The 31st October 1915 marks a tragic day for the British Royal Navy and the Mercantile Marine within the history of the Great War at sea in the Dover Straits. On this day four ships were mined and sunk at the hands of Oberleutnant Matthias Graf von Schmettow commander of the German U-boat submarine UC-6 of the Flanders Flotilla. This was a disaster that could have been avoided if the correct protocol regarding the naval control of shipping had been observed. A combination of errors and misjudgements condemned two merchant vessels, one trawler converted for minesweeping and the command vessel His Majesty`s Yacht Aries.
Ships that wished to transit the passage between the Goodwin Sands and the coast of Kent were required to obtain Admiralty authorization before proceeding. A holding area at the Downs off Deal was used for awaiting merchant and other ships wishing to make the passage. The passage used was designated as the `A` channel and this channel was swept on a daily basis weather permitting. Towards the end of October 1915 on the 28th and 29th a severe gale blew up the English Channel and through the Straits of Dover from a south south east direction. The conditions were such that the minesweepers, HMT (His Majesty`s Trawler) Othello II and HMT Jacamar could not perform their sweeping duties. However, on the 30th October the weather abated somewhat and the minesweepers were ordered to continue with their work. HMT Jacamar was having difficulty deploying her sweep wire kite. The kite is a device on the tow wire for maintaining the sweep wire at a specified distance above the sea bed. HMT Jacamar returned to Dover for repairs to the kite and as the two minesweepers worked in tandem the minesweeping had to be suspended once again.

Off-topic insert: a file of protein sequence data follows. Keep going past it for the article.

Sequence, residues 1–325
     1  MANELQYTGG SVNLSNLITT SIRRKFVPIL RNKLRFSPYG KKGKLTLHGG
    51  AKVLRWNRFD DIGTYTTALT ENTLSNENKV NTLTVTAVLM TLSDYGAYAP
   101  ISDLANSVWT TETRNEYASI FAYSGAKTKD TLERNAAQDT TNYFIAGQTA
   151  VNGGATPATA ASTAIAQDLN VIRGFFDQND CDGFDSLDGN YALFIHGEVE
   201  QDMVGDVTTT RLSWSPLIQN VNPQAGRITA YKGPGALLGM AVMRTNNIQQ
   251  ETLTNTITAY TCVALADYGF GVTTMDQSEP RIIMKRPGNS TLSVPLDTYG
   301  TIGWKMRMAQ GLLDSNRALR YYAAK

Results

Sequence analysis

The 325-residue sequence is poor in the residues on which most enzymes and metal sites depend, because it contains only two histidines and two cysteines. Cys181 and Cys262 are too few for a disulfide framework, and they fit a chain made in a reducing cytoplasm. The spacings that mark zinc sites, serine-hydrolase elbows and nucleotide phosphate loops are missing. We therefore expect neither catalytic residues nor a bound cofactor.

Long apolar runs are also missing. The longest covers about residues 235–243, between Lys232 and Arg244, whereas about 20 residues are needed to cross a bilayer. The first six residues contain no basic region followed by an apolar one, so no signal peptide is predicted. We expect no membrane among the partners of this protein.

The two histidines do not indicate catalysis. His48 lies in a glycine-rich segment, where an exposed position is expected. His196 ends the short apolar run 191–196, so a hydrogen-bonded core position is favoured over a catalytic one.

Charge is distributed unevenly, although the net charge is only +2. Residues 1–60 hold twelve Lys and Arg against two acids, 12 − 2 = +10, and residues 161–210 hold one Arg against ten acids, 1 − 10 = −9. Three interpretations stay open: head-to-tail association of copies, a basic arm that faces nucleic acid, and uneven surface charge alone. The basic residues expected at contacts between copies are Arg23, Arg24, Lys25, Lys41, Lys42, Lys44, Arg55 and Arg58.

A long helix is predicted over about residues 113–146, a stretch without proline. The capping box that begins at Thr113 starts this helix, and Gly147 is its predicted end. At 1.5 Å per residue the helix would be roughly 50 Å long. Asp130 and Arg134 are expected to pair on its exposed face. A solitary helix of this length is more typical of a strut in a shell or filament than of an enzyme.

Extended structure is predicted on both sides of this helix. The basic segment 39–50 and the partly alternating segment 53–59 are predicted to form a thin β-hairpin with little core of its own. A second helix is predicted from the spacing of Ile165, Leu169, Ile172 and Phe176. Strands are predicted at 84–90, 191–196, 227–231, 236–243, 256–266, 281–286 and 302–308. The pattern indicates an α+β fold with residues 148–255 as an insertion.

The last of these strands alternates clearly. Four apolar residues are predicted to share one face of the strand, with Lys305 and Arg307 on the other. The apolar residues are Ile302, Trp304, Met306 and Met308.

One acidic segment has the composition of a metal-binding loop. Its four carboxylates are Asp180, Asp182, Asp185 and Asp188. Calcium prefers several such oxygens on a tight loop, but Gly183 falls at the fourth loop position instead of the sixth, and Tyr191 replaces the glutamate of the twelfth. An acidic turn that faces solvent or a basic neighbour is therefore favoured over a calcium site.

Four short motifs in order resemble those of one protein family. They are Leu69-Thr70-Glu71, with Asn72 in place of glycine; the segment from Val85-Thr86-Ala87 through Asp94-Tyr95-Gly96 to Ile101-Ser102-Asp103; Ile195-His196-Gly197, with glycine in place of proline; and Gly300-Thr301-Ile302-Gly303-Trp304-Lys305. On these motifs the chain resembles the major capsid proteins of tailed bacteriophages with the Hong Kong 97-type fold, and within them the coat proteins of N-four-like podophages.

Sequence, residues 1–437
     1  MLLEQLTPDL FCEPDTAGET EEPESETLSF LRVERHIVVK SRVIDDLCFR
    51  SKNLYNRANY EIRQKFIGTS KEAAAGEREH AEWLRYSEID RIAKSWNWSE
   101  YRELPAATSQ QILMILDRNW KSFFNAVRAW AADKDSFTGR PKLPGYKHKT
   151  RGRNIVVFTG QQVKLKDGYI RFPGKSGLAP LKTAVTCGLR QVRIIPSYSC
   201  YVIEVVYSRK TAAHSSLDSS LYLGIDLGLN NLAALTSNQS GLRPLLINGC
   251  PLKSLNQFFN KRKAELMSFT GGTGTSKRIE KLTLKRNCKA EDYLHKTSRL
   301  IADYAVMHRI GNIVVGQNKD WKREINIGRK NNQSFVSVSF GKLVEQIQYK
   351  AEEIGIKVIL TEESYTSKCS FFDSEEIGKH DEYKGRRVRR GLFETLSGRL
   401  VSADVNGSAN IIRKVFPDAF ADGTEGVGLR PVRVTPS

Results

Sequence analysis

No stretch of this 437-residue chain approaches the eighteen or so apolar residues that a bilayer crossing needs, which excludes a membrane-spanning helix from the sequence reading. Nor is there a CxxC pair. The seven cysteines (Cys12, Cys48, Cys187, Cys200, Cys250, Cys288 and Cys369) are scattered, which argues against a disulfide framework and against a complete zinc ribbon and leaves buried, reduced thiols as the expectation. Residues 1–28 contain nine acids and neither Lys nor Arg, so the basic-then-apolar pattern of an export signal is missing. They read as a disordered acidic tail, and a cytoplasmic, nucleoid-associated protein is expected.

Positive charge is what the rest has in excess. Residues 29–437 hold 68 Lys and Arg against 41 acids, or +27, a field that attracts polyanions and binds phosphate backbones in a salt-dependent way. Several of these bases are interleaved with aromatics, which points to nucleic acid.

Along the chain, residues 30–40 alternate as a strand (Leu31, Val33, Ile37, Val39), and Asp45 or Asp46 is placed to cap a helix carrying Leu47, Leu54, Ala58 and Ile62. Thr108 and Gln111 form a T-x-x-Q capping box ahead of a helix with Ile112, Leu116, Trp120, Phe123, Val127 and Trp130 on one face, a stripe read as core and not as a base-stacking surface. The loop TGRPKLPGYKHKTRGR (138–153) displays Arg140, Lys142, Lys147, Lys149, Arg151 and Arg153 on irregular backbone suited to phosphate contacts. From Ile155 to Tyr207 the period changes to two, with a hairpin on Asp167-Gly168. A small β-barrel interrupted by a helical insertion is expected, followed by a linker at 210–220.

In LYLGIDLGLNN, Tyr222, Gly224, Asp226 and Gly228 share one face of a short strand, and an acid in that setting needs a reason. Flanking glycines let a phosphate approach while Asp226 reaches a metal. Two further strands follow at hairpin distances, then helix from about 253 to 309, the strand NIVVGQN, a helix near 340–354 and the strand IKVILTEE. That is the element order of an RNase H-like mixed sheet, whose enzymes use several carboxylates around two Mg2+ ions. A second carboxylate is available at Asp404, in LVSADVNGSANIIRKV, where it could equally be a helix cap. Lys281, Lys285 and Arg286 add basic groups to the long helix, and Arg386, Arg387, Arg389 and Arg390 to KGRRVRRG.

Meanwhile, unbeknown to the Admiralty the U-boat UC-6 had stealthily navigated its way into the deepest part of the `A` channel under cover of the poor weather conditions that had prevailed during the previous forty-eight hours. Seven mines out of a total pay load of fourteen mines were laid in a close knit pattern designed not only to scupper unsuspecting ships in transit but also those ships that would be inevitably be involved in the rescue of any survivors. After laying the mines UC-6 departed quickly onto its next mission. SS Toward a British steam cargo vessel and SS Eidsiva a Norwegian steam cargo vessel were amongst those vessels waiting in the Downs area for transit permission. The Captains of these vessels were growing increasing impatient and they complained bitterly to the Admiralty about the unacceptable delay.
At this point it is unclear whether or not the merchant vessels had received authorization to proceed, but proceed they did and just before 8 am the collier SS Eidsiva was the first to pay the price. Following was the Clyde Shipping Companies vessel SS Toward and she too became a victim when she struck a mine and began to sink bow first just a few hundred yards from her predecessor. The command vessel HMY Aries was on station in the area under the command of Lieutenant Commander H. Caulder RNR RD. The RD decoration implied many years of service and experience. HMY Aries was a fine vessel of 268 tons, built to the highest Lloyds classification of 100A1 as a gentleman`s ocean going leisure yacht. She had been owned by the 10th Duke of Leeds since 1890 and at the outbreak of war, the Duke immediately offered his vessel for war service. The Aries was alerted to the mined vessels fate and proceeded towards the area of carnage escorting three divisions of drifters which had been in mid channel tending to anti-submarine nets. The Aries signalled to the drifters to pick up survivors from the stricken ships and take them ashore. There were other armed trawlers in the vicinity and some were trying to stop any more merchant ships from entering the restricted zone. Signal flags from another trawler alerted the Aries to another mine seen floating nearby and the Aries went to investigate. The Captain of Aries ordered Sub Lieutenant Cranfield to go forward to the gunner`s position and watch out for the mine. Looking out forward he failed to see a mine that was floating abeam of Aries. The mine struck amidships and exploded under the bridge of the vessel almost causing the yacht to break in two.